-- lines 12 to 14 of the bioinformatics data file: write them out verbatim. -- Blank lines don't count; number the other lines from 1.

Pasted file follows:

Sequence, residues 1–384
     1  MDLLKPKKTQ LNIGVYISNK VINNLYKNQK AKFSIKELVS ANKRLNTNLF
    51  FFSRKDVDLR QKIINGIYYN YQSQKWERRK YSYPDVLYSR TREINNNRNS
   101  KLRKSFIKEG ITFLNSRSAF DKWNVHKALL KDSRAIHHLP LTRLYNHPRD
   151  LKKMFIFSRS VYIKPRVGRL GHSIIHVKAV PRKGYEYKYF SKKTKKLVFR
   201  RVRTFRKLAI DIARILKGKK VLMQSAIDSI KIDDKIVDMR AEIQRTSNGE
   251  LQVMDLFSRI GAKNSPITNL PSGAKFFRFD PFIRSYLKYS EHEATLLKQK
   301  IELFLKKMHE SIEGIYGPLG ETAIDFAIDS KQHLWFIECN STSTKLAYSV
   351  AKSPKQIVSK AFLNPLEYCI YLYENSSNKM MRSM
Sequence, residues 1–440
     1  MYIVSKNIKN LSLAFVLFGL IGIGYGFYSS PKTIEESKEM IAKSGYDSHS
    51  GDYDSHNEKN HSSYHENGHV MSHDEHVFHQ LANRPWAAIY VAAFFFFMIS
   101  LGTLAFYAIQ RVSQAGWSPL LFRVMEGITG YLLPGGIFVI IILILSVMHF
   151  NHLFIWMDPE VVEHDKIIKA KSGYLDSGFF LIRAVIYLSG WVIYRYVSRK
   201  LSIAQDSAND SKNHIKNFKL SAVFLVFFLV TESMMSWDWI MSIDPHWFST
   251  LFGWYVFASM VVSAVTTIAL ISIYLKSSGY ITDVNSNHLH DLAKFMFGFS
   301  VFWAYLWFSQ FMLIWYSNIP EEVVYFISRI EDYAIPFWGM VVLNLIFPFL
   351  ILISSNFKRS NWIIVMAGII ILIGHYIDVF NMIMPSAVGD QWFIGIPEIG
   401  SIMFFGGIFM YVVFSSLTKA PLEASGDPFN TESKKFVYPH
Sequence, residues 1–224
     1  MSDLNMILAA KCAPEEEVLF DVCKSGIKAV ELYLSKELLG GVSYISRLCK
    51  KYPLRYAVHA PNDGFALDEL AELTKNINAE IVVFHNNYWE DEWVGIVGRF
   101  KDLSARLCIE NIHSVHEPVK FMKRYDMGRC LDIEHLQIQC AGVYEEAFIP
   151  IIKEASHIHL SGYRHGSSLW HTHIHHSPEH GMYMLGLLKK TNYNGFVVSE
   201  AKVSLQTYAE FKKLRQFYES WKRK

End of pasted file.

    51  GDYDSHNEKN HSSYHENGHV MSHDEHVFHQ LANRPWAAIY VAAFFFFMIS
   101  LGTLAFYAIQ RVSQAGWSPL LFRVMEGITG YLLPGGIFVI IILILSVMHF
   151  NHLFIWMDPE VVEHDKIIKA KSGYLDSGFF LIRAVIYLSG WVIYRYVSRK